After years of preparation, classes are underway at Fort Worth’s newest medical school – a partnership between Texas Christian University and the University of North Texas Health Science Center. Officials are hoping to modernize medical education. The new school has injected a creative curriculum designed to improve the health of future doctors and patients.
Wearing a white lab coat with stethoscope at the ready, medical student Kassidy Fretz welcomes a patient into the exam room.
“Okay,” says Fretz. “We’re going to ask you a few questions, if that’s okay. So can you just tell us what’s been going on since your last visit?”
We’re in the Weatherford medical office of Dr. Ness Khan, who guides Fretz through this exam with the patient who has high blood pressure.
“Any family history of heart issues?” asks Dr. Khan.
“No,” replies the patient. “And taking that into account, Kassidy, then we make a plan,” says Khan to both his patient and student.
Khan is overseeing a typical medical school encounter between a student and patient. Only this is not typical. Fretz is a freshman. Khan says these patient interactions usually don’t occur until a med student’s third year.
“We don’t want our students of today to be like the students of yesterday,” Khan says.
If the physician could have seen patients in his first year of medical school, he would have jumped at it. But that didn’t exist when he attended in the late '90s.
“I wish that we were actually interacting with our patients from a very early time, so we could connect with them earlier,” says Khan. “We could learn certain elements of empathy, of being patient-focused and patient-centered very early.”
The TCU-UNT Health Science Center School of Medicine collaboration embraces these education techniques. What else is different at this new medical school? Every student also has a coach – a physician the student meets throughout the year to help diagnose any complications. Students also get a full dose of classes in empathy and communications. Fretz likes it all.
“They are re-inventing the way that physicians are trained and specifically they’re focusing on the compassionate aspect,” Fretz says. “Yes you can be a doctor but caring for the patient and understanding what they’re going through is something that’s really important here.” Fretz says the early interaction with patients is already paying off.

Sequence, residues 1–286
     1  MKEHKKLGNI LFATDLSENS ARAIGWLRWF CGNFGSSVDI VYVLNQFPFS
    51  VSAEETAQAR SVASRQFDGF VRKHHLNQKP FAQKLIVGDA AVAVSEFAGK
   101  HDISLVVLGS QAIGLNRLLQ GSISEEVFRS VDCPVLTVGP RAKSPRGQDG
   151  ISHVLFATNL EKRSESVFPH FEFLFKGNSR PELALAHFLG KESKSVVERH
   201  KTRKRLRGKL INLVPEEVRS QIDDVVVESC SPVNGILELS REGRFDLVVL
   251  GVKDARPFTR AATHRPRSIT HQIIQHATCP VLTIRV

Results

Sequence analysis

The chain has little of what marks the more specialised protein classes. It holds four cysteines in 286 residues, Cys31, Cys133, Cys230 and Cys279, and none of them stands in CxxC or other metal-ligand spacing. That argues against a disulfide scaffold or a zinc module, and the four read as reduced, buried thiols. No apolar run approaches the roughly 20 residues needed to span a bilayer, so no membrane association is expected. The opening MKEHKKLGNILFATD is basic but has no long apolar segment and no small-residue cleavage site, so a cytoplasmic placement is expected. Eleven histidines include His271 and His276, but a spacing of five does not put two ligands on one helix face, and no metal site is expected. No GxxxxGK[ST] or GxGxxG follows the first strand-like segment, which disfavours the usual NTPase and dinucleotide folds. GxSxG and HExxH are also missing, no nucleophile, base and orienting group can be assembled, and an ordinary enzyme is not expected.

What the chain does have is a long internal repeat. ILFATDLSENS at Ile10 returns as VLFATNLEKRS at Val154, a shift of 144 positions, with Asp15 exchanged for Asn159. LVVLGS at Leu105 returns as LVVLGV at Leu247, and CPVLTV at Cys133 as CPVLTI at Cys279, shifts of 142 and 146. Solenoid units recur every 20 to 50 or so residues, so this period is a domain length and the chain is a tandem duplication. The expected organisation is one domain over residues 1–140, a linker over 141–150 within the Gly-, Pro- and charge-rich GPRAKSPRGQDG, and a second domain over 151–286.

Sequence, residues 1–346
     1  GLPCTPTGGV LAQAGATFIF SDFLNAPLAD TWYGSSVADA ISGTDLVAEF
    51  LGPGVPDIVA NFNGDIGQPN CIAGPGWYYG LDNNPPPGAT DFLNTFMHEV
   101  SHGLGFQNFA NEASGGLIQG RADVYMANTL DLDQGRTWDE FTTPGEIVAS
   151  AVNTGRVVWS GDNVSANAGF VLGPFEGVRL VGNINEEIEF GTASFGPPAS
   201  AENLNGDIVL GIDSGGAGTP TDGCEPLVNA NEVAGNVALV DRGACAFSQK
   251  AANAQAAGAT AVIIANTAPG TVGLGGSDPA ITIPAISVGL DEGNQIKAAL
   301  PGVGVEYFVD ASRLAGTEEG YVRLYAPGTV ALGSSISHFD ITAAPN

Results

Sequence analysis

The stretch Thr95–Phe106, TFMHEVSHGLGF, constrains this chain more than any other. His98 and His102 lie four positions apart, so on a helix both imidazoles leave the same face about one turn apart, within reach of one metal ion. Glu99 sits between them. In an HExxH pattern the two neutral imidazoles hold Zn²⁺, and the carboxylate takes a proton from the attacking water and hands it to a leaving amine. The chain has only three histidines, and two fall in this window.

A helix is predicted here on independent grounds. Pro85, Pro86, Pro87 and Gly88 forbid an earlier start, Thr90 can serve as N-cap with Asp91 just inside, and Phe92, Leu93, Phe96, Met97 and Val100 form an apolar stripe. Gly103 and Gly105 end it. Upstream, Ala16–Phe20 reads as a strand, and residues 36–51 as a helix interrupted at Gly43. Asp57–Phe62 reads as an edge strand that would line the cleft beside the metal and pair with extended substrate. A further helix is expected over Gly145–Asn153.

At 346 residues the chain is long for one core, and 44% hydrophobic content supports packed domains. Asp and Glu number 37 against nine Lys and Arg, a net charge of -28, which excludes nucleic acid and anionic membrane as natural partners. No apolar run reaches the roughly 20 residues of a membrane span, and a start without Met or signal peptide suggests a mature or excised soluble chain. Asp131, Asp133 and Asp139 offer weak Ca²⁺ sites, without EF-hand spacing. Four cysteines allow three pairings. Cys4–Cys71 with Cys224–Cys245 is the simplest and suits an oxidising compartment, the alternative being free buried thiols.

“I am not as comfortable as maybe some other people just because, like, I have never had hands-on experience,” Fretz says. “So it’s a learning process. I need experience to be comfortable doing it. This will really help my style of learning.”
Another student, McKenna Chalman, likes the approach because it also benefits patients.
“There are research studies showing it makes a difference in patient outcomes, in physician competency,” Chalman says. “We get exposed to things sooner, more often. We get exposed to clinics earlier on, just a more revolutionary way of approaching healthcare, I guess.”
That’s by design, says Evonne Kaplan-Liss, who helped create the program. The medical doctor with an arts and theater background, is the school’s Assistant Dean for Narrative Medicine and Patient Communication. With a title like that, she may be the only one of its kind.
“These students are going to be trained to be empathetic scholars, and that is being a great doctor that communicates with compassion,” Kaplan-Liss says. “All patients assume their doctors know the medicine and how to be a great doctor. What they remember most though is ‘How did that doctor communicate with me? Did they listen to me? Can I trust them?'”
Kaplan-Liss says those “soft” elements of medicine may be hard to measure at times, but are increasingly recognized as having positive benefits.
“Research shows patients are less likely to sue for malpractice if they have a relationship with their doctor, for example, or their doctor was honest with them about what happened. They have a connection with their physician.”
A connection she says will improve outcomes for both doctors and patients.